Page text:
Our next project is to add Kazakh language into Google Translate service…. There are 64 languages in Google Translate service…. We approached the Google Translate team and they explained how to do it…but again, it depends on community…. Google Translate, you have to upload huge amount of translated materials—I mean texts from English to Kazakh or from Kazakh to English. It’s really huge work.

5. Do you think that Harvard professors should let their students cite Wikipedia in their research as a source?

It’s hard to say that. I still don’t believe that Wikipedia should be considered as a source to, you know, cite in academic works. But at the same time, many tests reveal that the reliability of articles in Wikipedia is pretty strong.... Use it as a source to check out information. But when it comes to citing, it’s difficult to say.

6. Do you write Wikipedia articles yourself, and if so, what are they about?

The article about Harvard University in Kazakh was mine.

7. Do you think Wikipedia is accurate more or less often than traditional encyclopedias?

It is difficult to say that it’s accurate, but it is just bigger. It’s more comprehensive. And it’s updated all the time. So if you have the national encyclopedia or the regular encyclopedia, the best you can do is publish it every year, which is expensive, right? … The greatest thing about Wikipedia is that you can update it all the time. For example, during this last Olympics, how fast people were updating or creating articles about champions. Actually newspapers were taking information from Kazakh Wikipedia to write about the Olympic Games and about champions and events. What they did and where they came from or how they got to the Olympic Games, et cetera.

8. So what made this matter to you? What made it your cause?

All of the activities were driven by the mission to develop our mother tongue. You know that Kazakhstan…was a part of the Soviet Union. And at that time the mother tongue in this country and in other countries in the region, they were not developed. They did not add much to the development of the language. And now the last two decades, we are trying to revitalize the language and to give a second glance to the language. And I really believe that’s the power of online and all this. Crowdsourcing projects like Wikipedia or Google Translate can help this mission, and it can be done by people.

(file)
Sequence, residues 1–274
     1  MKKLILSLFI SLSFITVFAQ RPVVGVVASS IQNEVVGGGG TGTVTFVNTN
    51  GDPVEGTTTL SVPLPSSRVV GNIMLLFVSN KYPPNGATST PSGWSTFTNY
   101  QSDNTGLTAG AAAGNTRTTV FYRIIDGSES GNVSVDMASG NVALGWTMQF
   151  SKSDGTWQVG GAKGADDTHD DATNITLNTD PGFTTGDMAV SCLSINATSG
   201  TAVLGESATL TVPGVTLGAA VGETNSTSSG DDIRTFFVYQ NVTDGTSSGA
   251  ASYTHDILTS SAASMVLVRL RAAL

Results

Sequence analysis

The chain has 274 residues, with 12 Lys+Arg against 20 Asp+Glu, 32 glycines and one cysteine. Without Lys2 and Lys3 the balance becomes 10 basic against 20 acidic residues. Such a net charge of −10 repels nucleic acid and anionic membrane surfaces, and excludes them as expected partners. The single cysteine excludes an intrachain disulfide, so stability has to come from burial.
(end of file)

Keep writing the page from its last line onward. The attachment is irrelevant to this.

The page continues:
9. Is the language threatened? Are fewer people speaking it?

It’s not among languages that are in danger or something. But the country, we are a bilingual society. By constitution we have one state language, which is Kazakh, and an additional language, which is Russian. If you go online, it’s quite difficult to find much information in Kazakh. In a way, people try to use their mother tongue for education, for professional life, et cetera. But since there is a lack of contemporary or up-to-date information in your own language, you should go to other languages, Russian language or English. And I feel that we are kind of pushing people from the circle of their own language and pushing them to another language environment. Once they leave their own language environment for Russian or for English, it’s very difficult to come back. And that is why sometimes with children, the Kazakh language is more, let’s say, home usage, right? People use the tongue, but when you go for professional information or for higher education, for science, it’s not enough.

So this is really a matter of national pride? Of having an independent national language?

It’s not enough to speak just at home. There should be writing. There should be business…. This is our mission as a foundation.

10. Well, I have one final question for you. In Kazakhstan, do you have Wikipedia races?

[Editor’s Note: Tragically, the weak Skype connection between 14 Plympton Street and Kazakhstan gave out altogether as soon as this question was asked. His answer? The world may never know.]

Source: The Harvard Crimson, 2012